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Subject: [boost] [mpl] zero argument member template detection
From: Daniel Walker (daniel.j.walker_at_[hidden])
Date: 2010-07-07 16:52:30

Following up on Steven's question from a few weeks ago (sorry for
delay) about has_xxx_template, there is a bug in msvc 9 and 10 that
causes ICE. I filed a bug against msvc here.

Here is code to reproduce the bug.

struct S {
    template<class T = int>
    struct X {};

template<class T>
// The following line causes ICE
void f(typename T::template X<>*) {}
// The following alternative line compiles cleanly
//void f(typename S::template X<>*) {}
// The following line also compiles cleanly
//void f(typename T::template X<int>*) {}

int main()

Incidentally, the code above is accepted by msvc 8 and gcc... and clang! :)

I do not know of a work around. Moreover, while looking for a work
around, I found another bug in has_xxx_template that may render zero
argument detection unreliable on any compiler.

Rethinking some of my original design choices, I now believe that it
is a bad idea to conflate member template detection and template arity
detection. It would be better if BOOST_MPL_HAS_XXX_TEMPLATE_DEF
defined a metafunction to detect member templates of any arity (up to
some configurable limit). So I made the appropriate changes to effect
this and updated the tests and documentation. The changes did not
cause errors running the MPL test suite on gcc 3.4, 4.3, 4.4, 4.5 and
msvc 7.1, 8, 9, 10. So, in sum, the interface is now cleaner and works
consitently across compilers.

Since this is the first release of has_xxx_template, I went ahead and
checked the changes into trunk. Hopefully, I got this committed in
time for the 1.44 code freeze... Do I still need to merge to release?

Further discussion of some details follows for those who are interested.

First, regarding the general problem of template arity detection,
perhaps this is a motivating need for a seperate template_arity
metafunction. There's already one in mpl/aux_ that's not part of the
external library API. If there's interest, I'll post more on this
later in a seperate thread.

Regarding the specific problem of zero member template argument
detection for has_xxx_template, the issue is that while you can
instantiate a template with zero arguments, you do not actually
declare a template with zero arguments, obviously. For example,

struct S {
    template<class T = int>
    struct xxx {};

So, S::xxx is actually a one argument template that can be instatiated
with zero args; e.g. S::xxx<>(). Originally, I was trying to detect
how many arguments a template can be instatiated with, but I think
this is the wrong approach. The technique I'm using in
BOOST_MPL_HAS_XXX_TEMPLATE_DEF can only reliably detect the declared
arity of the tempate. Here's a brief outline of how it works.

BOOST_MPL_HAS_XXX_TEMPLATE_DEF defines a metafunction that uses SFINAE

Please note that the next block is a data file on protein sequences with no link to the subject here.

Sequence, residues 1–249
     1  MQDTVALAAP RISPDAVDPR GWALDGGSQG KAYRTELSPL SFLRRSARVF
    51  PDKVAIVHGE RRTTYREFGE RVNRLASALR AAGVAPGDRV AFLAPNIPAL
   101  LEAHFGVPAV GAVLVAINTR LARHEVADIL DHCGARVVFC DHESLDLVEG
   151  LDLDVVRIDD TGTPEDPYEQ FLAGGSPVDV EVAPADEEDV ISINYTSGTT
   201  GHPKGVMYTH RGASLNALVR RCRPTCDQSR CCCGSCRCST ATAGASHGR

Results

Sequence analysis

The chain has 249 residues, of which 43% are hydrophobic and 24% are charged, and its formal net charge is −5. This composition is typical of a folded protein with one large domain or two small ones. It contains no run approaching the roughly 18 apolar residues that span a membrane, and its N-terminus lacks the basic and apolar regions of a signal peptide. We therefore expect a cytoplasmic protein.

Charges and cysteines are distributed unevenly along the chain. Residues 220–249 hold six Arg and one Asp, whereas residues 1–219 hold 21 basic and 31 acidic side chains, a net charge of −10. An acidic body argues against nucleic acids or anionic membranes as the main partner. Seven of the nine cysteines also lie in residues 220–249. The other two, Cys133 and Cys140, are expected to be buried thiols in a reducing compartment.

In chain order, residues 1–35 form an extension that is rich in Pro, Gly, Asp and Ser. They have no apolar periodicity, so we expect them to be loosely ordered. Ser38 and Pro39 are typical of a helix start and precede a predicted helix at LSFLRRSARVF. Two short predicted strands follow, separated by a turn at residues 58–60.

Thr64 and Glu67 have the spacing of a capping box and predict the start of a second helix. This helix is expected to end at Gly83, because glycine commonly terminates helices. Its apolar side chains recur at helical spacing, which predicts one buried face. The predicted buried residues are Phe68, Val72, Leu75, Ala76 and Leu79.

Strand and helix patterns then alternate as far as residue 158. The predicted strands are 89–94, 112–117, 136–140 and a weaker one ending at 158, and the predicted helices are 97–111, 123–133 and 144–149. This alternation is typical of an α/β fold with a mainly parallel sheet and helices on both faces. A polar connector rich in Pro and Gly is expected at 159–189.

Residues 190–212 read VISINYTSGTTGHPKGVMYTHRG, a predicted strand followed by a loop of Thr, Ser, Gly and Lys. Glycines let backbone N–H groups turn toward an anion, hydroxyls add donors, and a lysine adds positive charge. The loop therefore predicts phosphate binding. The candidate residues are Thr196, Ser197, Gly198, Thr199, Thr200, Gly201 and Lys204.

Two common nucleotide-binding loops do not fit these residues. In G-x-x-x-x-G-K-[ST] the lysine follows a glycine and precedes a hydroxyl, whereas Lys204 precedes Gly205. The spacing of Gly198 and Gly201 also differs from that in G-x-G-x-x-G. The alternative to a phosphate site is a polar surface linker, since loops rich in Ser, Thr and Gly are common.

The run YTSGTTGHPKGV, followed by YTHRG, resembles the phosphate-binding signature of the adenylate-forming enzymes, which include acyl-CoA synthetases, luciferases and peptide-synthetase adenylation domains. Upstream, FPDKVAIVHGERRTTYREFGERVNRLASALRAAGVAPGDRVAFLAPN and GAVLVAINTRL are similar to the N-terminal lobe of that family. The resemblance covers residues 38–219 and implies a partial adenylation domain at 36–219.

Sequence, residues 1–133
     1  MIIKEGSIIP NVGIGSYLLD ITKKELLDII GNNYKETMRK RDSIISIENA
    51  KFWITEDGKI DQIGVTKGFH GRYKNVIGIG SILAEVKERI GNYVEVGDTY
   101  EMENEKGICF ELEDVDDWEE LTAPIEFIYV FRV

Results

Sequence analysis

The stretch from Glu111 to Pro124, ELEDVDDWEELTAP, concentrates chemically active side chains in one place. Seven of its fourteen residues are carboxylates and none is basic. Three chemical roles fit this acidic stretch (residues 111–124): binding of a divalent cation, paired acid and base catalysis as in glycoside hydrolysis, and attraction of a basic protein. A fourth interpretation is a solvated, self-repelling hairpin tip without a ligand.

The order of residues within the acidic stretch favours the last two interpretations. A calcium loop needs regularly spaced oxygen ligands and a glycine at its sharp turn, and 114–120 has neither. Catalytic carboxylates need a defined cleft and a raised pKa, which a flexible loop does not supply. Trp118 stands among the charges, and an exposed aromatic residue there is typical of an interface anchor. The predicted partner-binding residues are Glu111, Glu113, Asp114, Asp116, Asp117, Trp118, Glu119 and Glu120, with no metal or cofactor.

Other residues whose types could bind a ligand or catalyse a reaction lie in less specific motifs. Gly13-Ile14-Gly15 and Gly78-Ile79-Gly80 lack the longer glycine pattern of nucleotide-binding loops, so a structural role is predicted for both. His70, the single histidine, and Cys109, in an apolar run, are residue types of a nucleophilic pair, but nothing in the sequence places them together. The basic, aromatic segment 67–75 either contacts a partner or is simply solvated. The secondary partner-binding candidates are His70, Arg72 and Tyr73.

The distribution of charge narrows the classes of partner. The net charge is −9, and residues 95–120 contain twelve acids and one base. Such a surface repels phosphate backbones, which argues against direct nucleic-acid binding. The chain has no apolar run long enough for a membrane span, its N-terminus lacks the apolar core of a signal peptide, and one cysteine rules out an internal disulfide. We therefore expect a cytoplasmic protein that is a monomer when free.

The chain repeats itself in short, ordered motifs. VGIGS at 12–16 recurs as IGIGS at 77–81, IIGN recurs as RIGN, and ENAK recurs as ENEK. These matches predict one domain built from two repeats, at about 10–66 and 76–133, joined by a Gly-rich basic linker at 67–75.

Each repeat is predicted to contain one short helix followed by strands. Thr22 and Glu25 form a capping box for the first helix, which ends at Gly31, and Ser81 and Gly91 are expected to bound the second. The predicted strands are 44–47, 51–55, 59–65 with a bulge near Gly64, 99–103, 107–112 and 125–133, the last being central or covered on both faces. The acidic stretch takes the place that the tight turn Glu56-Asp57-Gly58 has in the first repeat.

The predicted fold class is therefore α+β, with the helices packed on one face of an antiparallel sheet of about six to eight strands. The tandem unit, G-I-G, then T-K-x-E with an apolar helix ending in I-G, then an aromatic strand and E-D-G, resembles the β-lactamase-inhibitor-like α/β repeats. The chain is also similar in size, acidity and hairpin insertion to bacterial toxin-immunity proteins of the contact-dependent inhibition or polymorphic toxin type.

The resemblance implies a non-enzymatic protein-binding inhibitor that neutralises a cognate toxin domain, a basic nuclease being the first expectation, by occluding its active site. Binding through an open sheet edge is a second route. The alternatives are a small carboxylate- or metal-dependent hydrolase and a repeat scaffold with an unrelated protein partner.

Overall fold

to detect member templates in the following way.

template<template<class> class>
struct substitute {};

template<class T>
long has_xxx_test(substitute< T::template xxx >*);

short has_xxx_test(...);

const bool result
    = sizeof(has_xxx_test<S>(0)) == sizeof(long);

However, to detect zero arguments, the following would be invalid,
since you cannot declare a template with zero parameters.

template<template<> class>
struct substitute {};

So instead the zero arg test was performed using

template<class T>
long has_xxx_test(typename T::template xxx<>*);

Unfortunately, this test causes ICE on msvc, and really, it doesn't
completely work on any compiler, since it is invalid if T's xxx member
template does not have default parameters; i.e. it cannot properly
reject member templates requiring one or more arguments.

The new BOOST_MPL_HAS_XXX_TEMPLATE_DEF on trunk resolves these issues
by removing the requirement that users specify the template arity and
arguments. Instead, it generates a metafunction that detects member
templates of any arity. It does so by providing several overloads of
the internal test function, one for each arity, up to a user
configurable maximum (BOOST_MPL_LIMIT_METAFUNCTION_ARITY) as
illustrated by the following simplified code.

#include <boost/mpl/assert.hpp>
#include <boost/mpl/bool.hpp>

template<class T>
class has_xxx {
    template<template<class> class>
    struct substitute1 {};

    template<template<class,class> class>
    struct substitute2 {};

    template<class U>
    static long
    has_xxx_test(substitute1<U::template xxx>*);

    template<class U>
    static long
    has_xxx_test(substitute2<U::template xxx>*);

    static short
    static const bool value
        = sizeof(has_xxx_test<T>(0)) == sizeof(long);
    typedef boost::mpl::bool_<value> type;

struct S1 {
    template<class> struct xxx {};
struct S2 {
    template<class,class> struct xxx {};

int main()
    BOOST_MPL_ASSERT(( has_xxx<S1> ));
    BOOST_MPL_ASSERT(( has_xxx<S2> ));
    BOOST_MPL_ASSERT_NOT(( has_xxx<int> ));

Daniel Walker

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